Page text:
It depends. As far as I know Ravensburger does not use the brand MNZ to offer paint‑by‑number templates for download so I say it’s not an issue.

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    Why would it matter whether Ravensburger offers their product digitally? I would assume if for example a board game was named and recognized as (lets say) "Da Game!", I would not be allowed to publish this game as an app using this brand name. I can publish an app doing the same thing, but I would not be allowed to name it "Da Game!". Is it different in this case?
    – nvoigt
    Mar 20 at 15:15
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    @nvoigt Sorry, I was still thinking about a § 4 No. 2 established brand so the domain of (potential) recipients matters. If it’s a § 4 No. 1 registered brand, it does indeed not matter. Mar 20 at 16:21
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    So in the German retail sector, a Malen nach Zahlen product is legally not allowed? Thus competitors that currently exist - i.e. walking in a toy store right now, there are a couple of competitor brands offering a "Malen nach Zahlen" - do not operate within legal boundaries? Mar 21 at 16:22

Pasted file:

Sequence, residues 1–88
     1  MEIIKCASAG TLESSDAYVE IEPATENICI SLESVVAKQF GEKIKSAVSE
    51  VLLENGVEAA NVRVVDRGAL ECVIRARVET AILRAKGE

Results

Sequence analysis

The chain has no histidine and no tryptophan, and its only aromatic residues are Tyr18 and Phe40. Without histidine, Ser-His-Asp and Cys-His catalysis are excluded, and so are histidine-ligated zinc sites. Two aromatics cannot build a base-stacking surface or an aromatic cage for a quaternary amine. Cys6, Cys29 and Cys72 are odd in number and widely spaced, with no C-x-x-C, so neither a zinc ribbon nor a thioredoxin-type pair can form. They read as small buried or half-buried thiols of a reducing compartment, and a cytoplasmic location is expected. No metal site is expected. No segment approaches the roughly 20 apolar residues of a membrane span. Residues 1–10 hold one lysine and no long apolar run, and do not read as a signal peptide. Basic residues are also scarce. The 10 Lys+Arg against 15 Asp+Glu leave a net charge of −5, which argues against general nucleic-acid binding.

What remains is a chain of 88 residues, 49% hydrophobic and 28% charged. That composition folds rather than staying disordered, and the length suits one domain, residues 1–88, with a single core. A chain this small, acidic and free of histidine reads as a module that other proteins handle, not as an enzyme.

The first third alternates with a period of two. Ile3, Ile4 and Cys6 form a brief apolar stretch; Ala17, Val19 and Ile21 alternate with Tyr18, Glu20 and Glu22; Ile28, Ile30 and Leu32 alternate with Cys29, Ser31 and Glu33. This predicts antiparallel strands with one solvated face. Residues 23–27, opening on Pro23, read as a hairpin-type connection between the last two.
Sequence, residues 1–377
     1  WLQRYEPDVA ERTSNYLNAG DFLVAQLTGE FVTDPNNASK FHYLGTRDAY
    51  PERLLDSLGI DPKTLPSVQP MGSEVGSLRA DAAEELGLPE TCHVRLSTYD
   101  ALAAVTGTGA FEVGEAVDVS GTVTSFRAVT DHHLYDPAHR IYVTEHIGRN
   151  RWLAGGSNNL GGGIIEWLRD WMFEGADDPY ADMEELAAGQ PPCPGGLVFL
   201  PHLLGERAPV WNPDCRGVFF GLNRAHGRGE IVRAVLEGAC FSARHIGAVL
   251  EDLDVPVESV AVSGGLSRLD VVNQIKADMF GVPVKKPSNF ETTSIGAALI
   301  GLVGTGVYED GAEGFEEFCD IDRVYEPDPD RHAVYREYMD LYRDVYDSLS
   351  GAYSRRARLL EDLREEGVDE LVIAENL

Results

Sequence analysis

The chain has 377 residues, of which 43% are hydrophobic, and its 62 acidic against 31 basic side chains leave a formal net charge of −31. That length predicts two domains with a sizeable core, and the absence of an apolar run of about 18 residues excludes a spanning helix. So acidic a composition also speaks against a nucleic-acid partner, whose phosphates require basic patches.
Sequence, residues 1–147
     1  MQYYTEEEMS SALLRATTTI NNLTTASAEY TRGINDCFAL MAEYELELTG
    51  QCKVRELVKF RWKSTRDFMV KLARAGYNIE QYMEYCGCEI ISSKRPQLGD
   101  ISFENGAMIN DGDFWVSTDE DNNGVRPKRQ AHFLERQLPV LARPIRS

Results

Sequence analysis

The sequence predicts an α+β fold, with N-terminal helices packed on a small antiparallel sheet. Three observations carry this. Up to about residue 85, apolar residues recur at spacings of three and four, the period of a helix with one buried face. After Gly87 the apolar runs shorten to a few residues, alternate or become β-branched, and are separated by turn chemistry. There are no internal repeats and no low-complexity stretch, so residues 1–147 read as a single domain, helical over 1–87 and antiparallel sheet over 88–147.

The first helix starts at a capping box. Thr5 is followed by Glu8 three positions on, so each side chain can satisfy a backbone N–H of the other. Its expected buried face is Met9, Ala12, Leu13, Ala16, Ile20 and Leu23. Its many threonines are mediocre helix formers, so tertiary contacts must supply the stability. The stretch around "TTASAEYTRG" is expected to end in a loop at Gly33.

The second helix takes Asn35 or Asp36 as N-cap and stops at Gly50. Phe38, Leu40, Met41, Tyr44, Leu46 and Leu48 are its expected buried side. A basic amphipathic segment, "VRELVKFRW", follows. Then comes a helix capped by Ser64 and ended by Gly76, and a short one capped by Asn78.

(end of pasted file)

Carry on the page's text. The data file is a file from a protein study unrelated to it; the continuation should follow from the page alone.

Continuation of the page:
• @J.M.Arnold I wrote it may be a legally protected brand. There is the option that a brand becomes legally protected merely by using it as a brand. Whether or not this is the case today leaves the scope of this site (law.SE help center) as this is not a purely educational question anymore. Mar 21 at 19:13
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    @J.M.Arnold Malen nach Zahlen (by itself) is not a registered word mark. You yourself have checked the directory. You can obtain legal protection for a brand by registration but that is not the only venue. During registration there are checks. An unregistered brand, however, does not get checked by nobody; only if a judge needs to decide in a trial whether the purported brand owner indeed has a brand enjoying legal protection the question arises. Until then Wo kein Kläger, da kein Richter. nullo actore, nullus iudex. Mar 22 at 13:37